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Re: [RFI] distance to rfi source?

To: <rfi@contesting.com>
Subject: Re: [RFI] distance to rfi source?
From: "Frank Haas KB4T" <kb4t@arrl.net>
Reply-to: kb4t@arrl.net
Date: Fri, 7 Jan 2011 00:29:28 -0500
List-post: <rfi@contesting.com">mailto:rfi@contesting.com>
I am an Interference Investigator for an electric utility in Florida. Others
on this list have more experience than I do and I have no argument with
statements made here on this topic. I will share my experience with
"distance" and HF interference sources. 

In the 7 years I've been a utility interference investigator, the absolute
farthest any source has ever been from an affected Amateur Station is 3
miles and that was reported by one of my colleagues. The farthest any source
has ever been from any of the cases I've investigated is 1.4 miles as the
crow flies. The offending device in that case was a faulty lightning
arrestor that was arcing internally and acting like a pretty potent
transmitter blanketing the HF spectrum and easily copyable up to 350 MHz
from more than a 1/2 mile away. The affected Amateur Station was about 1.4
air miles away and noticed the interference mostly on 20 meters despite my
hearing it from 1 MHz to over 350 MHz. 

I'm not an Engineer. I've earned the FCC 1st, numerous industry
certifications and the Amateur Extra Class ticket. I do have decades of
experience. The way I see it, there are an infinite number of variables and
every case is different. If a source has 1000 feet or more of power line as
an antenna, the low frequency components are likely to be heard a long way
off. In my experience, "a long way off" is usually less than 2 miles and,
most often, is 1/2 mile or less.  

But is this really important? I think it's wasted effort to try and assign
particular distances to certain frequency bands and signal strengths
because, in my experience, it always varies. 

The vast majority of cases I investigate involve sources that are usually
1/4 mile or less from the affected party. A much smaller percentage are 1/2
mile away or less. A tiny, tiny fraction of cases involve sources that are 1
mile away or so. This includes sources that are copyable only to about 5 - 7
MHz and those copyable to 150 or more MHz. 

One of the first questions I ask when I first speak with an affected Amateur
station operator is, "What is the highest frequency at which you detect the
interference?" If they tell me they can hear the interference at 28 MHz, 50
MHz or 144 MHz, my first thought is that the source should be fairly easy to
locate (simply because directional antennas for these frequencies are easy
to carry and use.) 

If the affected Amateur tells me that they only detect the interference up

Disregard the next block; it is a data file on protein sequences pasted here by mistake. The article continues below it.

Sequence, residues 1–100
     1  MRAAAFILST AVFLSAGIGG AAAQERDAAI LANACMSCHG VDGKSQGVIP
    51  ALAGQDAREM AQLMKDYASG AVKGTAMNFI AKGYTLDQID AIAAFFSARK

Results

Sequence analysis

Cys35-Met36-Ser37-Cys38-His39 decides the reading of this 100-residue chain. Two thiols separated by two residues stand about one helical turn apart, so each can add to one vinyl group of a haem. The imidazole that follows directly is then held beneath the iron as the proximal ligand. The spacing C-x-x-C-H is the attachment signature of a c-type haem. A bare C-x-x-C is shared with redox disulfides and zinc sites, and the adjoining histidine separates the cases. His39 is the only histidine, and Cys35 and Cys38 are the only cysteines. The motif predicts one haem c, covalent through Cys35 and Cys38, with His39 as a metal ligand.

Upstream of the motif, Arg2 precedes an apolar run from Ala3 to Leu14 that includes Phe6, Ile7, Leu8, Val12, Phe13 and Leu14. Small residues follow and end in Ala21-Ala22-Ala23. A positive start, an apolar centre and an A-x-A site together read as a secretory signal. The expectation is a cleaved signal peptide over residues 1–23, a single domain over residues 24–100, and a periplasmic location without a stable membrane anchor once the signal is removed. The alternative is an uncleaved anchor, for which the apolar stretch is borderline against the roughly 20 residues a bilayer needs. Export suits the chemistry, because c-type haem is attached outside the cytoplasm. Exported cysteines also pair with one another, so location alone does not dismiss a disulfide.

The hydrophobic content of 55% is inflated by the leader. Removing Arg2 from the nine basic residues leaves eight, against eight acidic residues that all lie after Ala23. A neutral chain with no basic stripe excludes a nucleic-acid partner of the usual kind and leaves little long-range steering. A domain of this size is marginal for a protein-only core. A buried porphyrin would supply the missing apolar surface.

to about 10 MHz or less (typically about 7 or 8 MHz,) I know my search is
going to be more challenging (simply because it's so hard to carry a 40
meter yagi down the sidewalk!!!)

I don't think about distance. I'm much more concerned with the frequencies
involved, particularly the highest frequency. Those sources with significant
VHF content are usually found in less than 1 hour. (It ain't braggin if it's
true!!) Those with no VHF content can take much longer. 

Some instances, where the affected party states that the interference can't
be heard above 7 MHz, end up with the source far enough away that the higher
frequency content of the interfering signal simply isn't propagating to the
affected station. As I search and get closer to the source, I'm consistently
increasing my listening frequency until, as I approach the source location,
I can easily detect the VHF content and pinpointing becomes a simple
exercise (with the right equipment.) 

For me, the bottom line is: If I can hear it, I can find it. It doesn't
really matter how far away the source might be. If it can be heard, it can
be found. If it's causing interference, it's got to be found. My experience
is likely different from those whose experience may be more varied and
extensive. While signal strength may be a factor, it hasn't correlated to
any specific distance in the hundreds of cases I've worked. 

I will say this: If the interference is strong it's usually, but not always,
easier to locate. Your mileage may vary!!!! (Ouch!)

Happy New Year!


Frank N. Haas KB4T
Electric Utility Interference Investigator in Florida

Original Message: 

Date: Wed, 05 Jan 2011 18:53:45 -0600
From: Sam Morgan <k5oai.sam@gmail.com>
Subject: [RFI] distance to rfi source?
To: "rfi@contesting.com" <rfi@contesting.com>

I just had a visit from my local AEP rep,
he was here to try to locate an rfi complaint I had called in.
I let him hear the noise (sounds like a noise floor)
(by that I mean no arcing just a steady high noise floor)
We listened from 160m up to 6m
I had my K3 set to AM and a 5khz bandwidth
antenna was a Fan dipole @ 25' (legs for 160/40, 80, 17m)
I tuned the K3 ATU to 1.1:1 on each band

160m = S9+10
80m  = S9+15
60m  = S7-8  (5.335)
40m  = S9
30m  = S6-7  (10.050)
20m  = S6
17m  = S6-7
15m  = S6-7
12m  = S5-6
10m  = S4  (28.027)
6m   = S4

his comment is what is worrying me
he said since the noise is louder on 160 than 10m
that showed the noise is closer to me
rather than farther away
(closer meaning within a block or so)

is that assumption correct?

GB & 73
Sam Morgan

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